On January 7, 2014 Hyatt devalued it’s Gold Passport program. In addition to adding a new Category 7 and moving several prominent hotels up, redemption levels for Category 5 and 6 properties were increased by 2,000 and 3,000 points respectively. Redemption levels for Category 1-4 remained the same, though a few properties have moved into different categories.
Hyatt Gold Passport Category 1
The Best redemptions for Category 1 remain almost exactly the same. The only difference is that the Hyatt Regency Taba Heights is no longer being managed by Hyatt and as a result, there are no Category 1 properties left in Europe, Africa, or the Middle East. The remaining properties (Hyatt Regency Schaumburg, Hyatt Regency Merida, Hyatt Regency Kathmandu) as well as the “honorable mentions” still offer excellent value for just 5,000 points per night.
Hyatt Gold Passport Category 2
Not much has changed for Category 2 Redemptions either, with nearly all of the properties still maintaining their ranking on the list. The only exception is the Hyatt Regency Jakarta, which has been bumped down to an “honorable mention” in favor of the Hyatt Regency Incheon, which was previously a Category 3 hotel.
Hyatt Gold Passport Category 3
The departure of the Hyatt Regency Incheon bumped the Hyatt Regency Danang Resort and Spa to the top Category 3 Redemption for Asia. The Grand Hyatt Sao Paulo, previously a Category 2 hotel, also takes the top spot for Category 3 redemptions in South America.
The next few posts will contain a list of best redemptions post-devaluation. I’ve set up a page with links to every Best Redemption series, which will be updated as new program changes are announced.
Hyatt Gold Passport Category 4
Not much has changed in Category 4. The Andaz West Hollywood, which moved up to a Category 5, has been replaced with the Hyatt Escala Lodge Park City. The Park Hyatt Melbourne was also bumped up on spot, with nothing worthwhile to replace it in the Pacific category.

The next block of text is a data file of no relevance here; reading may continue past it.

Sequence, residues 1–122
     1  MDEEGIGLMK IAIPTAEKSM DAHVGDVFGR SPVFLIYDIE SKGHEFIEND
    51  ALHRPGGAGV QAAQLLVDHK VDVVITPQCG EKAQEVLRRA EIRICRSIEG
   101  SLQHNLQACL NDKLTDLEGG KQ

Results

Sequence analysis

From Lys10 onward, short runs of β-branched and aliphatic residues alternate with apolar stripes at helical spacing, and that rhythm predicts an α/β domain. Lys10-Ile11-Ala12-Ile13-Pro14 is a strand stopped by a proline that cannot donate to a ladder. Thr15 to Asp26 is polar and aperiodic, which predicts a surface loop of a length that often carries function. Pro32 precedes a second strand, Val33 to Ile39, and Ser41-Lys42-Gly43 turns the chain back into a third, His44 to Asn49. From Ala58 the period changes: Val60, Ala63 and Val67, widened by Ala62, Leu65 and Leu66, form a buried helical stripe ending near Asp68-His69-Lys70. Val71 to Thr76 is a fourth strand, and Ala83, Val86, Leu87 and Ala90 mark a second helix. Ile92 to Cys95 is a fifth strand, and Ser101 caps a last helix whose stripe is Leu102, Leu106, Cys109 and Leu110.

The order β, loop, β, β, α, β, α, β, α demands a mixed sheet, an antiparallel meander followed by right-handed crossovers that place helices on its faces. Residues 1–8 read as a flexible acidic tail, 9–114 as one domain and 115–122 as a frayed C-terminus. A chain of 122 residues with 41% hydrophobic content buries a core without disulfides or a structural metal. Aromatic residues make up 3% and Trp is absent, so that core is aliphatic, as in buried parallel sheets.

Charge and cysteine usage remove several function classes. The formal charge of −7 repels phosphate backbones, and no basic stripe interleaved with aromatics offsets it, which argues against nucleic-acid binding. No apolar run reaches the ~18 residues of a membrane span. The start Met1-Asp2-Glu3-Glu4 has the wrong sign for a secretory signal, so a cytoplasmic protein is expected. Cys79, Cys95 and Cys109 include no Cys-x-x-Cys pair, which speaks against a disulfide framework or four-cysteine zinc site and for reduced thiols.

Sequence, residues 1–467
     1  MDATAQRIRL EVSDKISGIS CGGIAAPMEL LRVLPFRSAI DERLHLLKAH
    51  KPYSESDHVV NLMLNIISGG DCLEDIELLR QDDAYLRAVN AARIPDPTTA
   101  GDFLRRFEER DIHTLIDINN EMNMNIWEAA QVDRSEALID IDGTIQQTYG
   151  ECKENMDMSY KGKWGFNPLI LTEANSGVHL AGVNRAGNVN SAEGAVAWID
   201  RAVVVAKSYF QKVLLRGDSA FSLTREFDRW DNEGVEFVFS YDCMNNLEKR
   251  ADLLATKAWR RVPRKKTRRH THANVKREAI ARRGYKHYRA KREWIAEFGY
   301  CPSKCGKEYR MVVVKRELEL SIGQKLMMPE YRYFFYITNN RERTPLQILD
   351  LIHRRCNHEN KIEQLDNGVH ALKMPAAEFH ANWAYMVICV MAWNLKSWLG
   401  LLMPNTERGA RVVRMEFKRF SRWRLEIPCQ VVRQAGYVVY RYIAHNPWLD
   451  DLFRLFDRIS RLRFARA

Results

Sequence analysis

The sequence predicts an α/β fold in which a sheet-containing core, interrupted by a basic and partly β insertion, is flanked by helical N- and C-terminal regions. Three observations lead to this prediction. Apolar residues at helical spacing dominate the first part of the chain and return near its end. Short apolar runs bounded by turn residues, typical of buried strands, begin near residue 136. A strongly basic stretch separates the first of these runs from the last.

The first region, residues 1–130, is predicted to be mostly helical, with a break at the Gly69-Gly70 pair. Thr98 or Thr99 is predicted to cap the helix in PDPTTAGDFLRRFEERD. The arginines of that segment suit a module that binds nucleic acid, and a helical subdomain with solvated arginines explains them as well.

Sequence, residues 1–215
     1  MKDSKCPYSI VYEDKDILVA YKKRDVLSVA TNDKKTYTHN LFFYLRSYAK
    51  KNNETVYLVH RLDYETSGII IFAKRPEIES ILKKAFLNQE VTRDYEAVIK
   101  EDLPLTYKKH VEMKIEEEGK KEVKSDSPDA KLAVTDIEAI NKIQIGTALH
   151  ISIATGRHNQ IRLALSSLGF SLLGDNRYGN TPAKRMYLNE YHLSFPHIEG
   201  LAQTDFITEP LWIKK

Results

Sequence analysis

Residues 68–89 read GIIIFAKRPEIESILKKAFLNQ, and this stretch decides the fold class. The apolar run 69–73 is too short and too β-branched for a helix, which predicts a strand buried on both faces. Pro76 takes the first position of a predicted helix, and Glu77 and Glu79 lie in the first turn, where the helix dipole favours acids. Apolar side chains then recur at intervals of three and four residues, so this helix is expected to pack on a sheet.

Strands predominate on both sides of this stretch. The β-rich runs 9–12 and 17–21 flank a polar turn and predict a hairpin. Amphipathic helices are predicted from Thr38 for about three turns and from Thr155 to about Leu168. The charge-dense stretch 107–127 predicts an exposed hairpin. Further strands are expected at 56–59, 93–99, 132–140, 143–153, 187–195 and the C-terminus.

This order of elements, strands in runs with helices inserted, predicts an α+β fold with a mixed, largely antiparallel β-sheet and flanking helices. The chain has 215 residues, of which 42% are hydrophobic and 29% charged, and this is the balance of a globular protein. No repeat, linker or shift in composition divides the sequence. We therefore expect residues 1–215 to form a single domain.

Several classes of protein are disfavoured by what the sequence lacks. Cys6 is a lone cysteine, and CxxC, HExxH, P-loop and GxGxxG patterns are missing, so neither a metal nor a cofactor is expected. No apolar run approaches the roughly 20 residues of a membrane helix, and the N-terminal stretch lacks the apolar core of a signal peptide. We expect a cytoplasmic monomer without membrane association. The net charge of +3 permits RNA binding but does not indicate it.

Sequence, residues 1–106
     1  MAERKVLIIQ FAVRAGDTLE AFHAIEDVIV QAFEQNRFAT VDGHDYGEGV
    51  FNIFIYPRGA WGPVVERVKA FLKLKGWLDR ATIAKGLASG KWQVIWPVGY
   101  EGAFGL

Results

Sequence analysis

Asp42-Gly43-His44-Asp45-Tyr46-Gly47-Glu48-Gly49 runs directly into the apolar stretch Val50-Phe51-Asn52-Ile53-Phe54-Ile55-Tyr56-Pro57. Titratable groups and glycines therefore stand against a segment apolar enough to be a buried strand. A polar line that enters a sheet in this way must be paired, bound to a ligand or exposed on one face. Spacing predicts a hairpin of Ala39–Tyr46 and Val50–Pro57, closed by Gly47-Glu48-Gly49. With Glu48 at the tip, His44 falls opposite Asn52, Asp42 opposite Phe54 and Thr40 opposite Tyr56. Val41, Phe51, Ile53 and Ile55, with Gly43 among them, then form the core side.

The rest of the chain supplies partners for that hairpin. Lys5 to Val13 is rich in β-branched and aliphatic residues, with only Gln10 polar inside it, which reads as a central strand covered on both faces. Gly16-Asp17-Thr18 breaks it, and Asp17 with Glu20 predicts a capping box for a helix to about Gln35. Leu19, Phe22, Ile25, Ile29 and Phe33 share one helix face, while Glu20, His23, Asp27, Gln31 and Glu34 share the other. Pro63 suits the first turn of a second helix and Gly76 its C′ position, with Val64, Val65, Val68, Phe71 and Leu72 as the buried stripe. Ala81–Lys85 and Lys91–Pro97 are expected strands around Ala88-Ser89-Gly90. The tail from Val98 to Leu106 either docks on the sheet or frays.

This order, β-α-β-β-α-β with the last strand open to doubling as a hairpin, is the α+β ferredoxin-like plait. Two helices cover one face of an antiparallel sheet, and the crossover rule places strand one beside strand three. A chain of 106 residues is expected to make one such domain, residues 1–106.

Hyatt Gold Passport Category 5
The major changes in Category 5 is the increase in redemption rates from 18,000 points to 20,000 points per night. In addition, Hyatt 48 Lex has been replaced with the Andaz West Hollywood, after both properties were bumped up one category. The Hyatt Regency Maui was bumped down from Category 6 and thus made it onto the honorable mention list for the US.
The Park Hyatt Melbourne was bumped up from Category 4 and takes the top spot for the Pacific region.
Hyatt Gold Passport Category 6
Thanks to the addition of a new tier, Category 6 saw an increase from 22,000 points to 25,000 points per night. The Andaz Maui finally opened and replaced the Hyatt Regency Maui, which incidentally got bumped down to Category 5. Another new property is the Andaz Peninsula Papagayo, which took the top spot in the new subcategory, Central America.
The Park Hyatt Sydney has been removed as well, owing to its elevation to a Category 7 property. I recently stayed at this hotel and while the new redemption level of 30,000 points per night is steep, it’s still worth it. The Park Hyatt Sydney’s removal left the Pacific subcategory empty.
The lesser known Hyatt Paris Madeleine replaces the Park Hyatt Paris Vendome, which was bumped up to the newly created Category 7.
Hyatt Gold Passport Category 7
There are only six hotels in the newly created Category 7, which is a bit baffling. Why create a new category at all if you’re only going to include six hotels in it? In any case, pretty much every hotel is worthy of being branded the “best redemption,” and for the most part the list consists of properties that had previously taken the top spot in Category 6. The new list will be announced on Monday.